Lifestyle & Features

Engaging Equity on The Hill

Dori Green: Avenue of the Oaks
Avenue of the Oaks


A student’s YouTube video about her experience with discrimination on campus has sparked a series of discussions about inclusiveness on campus.  Students and faculty have been sharing their experiences and discussing solutions on how to prevent another student from feeling discriminated against on Spring Hill’s campus.

Those who attended the second discussion were moved by the “walk the line” activity that started things off. During this activity, a facilitator asked questions to the participants and if the participants felt the question applied to them, they either stepped forward or backward depending on the facilitator’s instructions. At the beginning of this activity everyone was holding hands, only letting go if they had to step a different direction than the person they locked hands with. Sophomore Brianna Reed says that she found it interesting that “not that many people were holding hands anymore at the end.” The questions were centered around varying types of privilege, ranging from financial disparities to feeling safe in public.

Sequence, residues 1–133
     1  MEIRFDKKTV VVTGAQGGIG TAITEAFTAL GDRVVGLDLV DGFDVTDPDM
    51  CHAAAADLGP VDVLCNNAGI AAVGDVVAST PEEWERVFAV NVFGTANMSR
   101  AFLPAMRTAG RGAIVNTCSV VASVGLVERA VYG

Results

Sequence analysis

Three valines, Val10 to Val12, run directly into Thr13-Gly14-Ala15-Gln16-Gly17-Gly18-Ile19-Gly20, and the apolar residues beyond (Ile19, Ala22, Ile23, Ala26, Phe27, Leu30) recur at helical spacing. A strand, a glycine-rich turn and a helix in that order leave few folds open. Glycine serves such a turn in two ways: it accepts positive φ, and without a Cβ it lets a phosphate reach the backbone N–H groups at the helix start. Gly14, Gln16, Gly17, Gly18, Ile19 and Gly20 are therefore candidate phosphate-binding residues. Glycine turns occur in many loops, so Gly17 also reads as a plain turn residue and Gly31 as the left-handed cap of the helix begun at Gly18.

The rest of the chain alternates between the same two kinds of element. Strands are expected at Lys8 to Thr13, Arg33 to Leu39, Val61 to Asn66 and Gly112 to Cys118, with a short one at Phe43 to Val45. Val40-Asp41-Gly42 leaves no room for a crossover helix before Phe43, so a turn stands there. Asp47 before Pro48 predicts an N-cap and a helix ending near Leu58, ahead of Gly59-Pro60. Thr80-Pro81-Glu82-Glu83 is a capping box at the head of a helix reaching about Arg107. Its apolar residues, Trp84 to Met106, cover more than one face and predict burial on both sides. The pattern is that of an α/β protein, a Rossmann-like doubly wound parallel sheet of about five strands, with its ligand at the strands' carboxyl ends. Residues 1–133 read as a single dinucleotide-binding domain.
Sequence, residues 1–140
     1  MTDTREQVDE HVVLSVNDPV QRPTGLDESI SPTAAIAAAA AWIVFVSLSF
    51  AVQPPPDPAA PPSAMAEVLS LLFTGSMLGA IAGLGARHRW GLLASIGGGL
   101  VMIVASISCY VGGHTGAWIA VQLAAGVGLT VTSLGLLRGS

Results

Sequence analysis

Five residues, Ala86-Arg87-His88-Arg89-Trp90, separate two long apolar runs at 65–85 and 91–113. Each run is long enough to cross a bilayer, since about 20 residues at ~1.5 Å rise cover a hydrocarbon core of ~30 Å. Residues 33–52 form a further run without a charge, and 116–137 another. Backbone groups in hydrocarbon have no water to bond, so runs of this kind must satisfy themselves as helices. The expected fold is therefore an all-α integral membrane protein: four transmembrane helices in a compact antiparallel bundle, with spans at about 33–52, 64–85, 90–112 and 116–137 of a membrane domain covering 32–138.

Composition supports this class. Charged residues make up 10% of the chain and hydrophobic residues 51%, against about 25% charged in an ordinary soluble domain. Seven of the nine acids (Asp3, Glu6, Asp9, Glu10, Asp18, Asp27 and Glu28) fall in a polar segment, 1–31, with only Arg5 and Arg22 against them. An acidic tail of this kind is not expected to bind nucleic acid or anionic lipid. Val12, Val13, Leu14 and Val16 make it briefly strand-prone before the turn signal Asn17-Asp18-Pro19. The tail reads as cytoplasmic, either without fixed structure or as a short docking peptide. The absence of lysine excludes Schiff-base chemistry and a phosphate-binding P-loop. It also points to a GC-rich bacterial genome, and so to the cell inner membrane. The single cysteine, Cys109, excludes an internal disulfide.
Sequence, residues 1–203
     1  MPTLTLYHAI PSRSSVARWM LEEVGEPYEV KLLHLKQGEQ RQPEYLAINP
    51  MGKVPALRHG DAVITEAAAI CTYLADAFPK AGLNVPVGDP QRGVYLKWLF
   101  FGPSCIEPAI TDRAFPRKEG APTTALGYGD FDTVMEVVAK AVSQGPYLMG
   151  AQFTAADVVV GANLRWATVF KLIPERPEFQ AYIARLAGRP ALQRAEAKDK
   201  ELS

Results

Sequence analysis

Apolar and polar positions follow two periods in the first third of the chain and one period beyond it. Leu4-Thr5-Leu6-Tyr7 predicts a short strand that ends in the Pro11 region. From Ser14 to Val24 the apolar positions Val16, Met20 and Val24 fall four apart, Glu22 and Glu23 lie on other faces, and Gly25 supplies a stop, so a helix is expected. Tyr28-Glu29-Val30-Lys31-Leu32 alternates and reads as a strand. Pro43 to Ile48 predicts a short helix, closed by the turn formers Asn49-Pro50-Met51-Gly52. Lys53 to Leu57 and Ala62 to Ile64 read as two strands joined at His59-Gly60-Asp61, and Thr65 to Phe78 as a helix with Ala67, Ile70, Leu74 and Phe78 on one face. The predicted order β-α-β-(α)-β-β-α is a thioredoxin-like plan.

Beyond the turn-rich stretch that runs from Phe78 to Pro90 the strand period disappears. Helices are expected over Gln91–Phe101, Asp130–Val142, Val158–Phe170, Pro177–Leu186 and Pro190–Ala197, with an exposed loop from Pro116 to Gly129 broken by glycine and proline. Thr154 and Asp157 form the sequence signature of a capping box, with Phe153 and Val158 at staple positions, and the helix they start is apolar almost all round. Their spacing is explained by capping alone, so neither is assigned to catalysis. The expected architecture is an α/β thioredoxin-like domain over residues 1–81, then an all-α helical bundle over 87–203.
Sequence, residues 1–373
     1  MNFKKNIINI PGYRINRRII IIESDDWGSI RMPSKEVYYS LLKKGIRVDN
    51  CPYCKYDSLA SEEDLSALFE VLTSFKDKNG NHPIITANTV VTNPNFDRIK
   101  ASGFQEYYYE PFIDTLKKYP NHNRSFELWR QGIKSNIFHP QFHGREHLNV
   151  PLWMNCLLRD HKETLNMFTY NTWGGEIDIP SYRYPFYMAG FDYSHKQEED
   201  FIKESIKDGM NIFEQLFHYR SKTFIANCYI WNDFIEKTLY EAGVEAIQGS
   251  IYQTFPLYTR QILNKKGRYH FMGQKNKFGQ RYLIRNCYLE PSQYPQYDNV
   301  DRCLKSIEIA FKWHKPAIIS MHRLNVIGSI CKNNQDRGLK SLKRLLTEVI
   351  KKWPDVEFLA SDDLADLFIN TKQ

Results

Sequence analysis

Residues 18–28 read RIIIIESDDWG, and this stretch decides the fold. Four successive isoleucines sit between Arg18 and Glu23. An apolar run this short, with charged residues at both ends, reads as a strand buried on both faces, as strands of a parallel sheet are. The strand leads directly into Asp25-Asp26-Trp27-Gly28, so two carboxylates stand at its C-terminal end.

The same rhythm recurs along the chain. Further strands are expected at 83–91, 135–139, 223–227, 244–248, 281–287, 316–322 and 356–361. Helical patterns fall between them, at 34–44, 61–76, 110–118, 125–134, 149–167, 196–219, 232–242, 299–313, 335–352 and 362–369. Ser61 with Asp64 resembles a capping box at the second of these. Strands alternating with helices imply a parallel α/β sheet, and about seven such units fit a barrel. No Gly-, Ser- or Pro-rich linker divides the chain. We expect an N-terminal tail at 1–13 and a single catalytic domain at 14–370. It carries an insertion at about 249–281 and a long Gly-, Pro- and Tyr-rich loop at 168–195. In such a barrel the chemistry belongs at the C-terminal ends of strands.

A lot of times when discussions like these happen, disagreements rapidly lead to arguments. However, the environment at these discussions have been very open. Due to this open environment, everyone has been able to have “very professional and candid conversations,” according to junior Cade Dernlan. Those who attended felt that they could share their opinions and experiences amongst their peers without backlash. Many students were able to hear different perspectives and gain new mindsets after talking with their peers and faculty.

As for if these conversations will make a difference in the college’s community, most students agree that the conversations are a start, but it all comes down to the decisions that people make moving forward. After hearing other’s opinions and mindsets, it is up to the individual to enact change, whether that means calling someone out for saying something offensive or blatantly discriminating someone because of how they look, as junior Kennedy Williams says, “everyone has to make that own commitment to themselves.” After all, actions speak louder than words.

For those who have not attended a discussion or would like to continue attending, the last one will be held April 2 in Gautrelet at 12:15 p.m.

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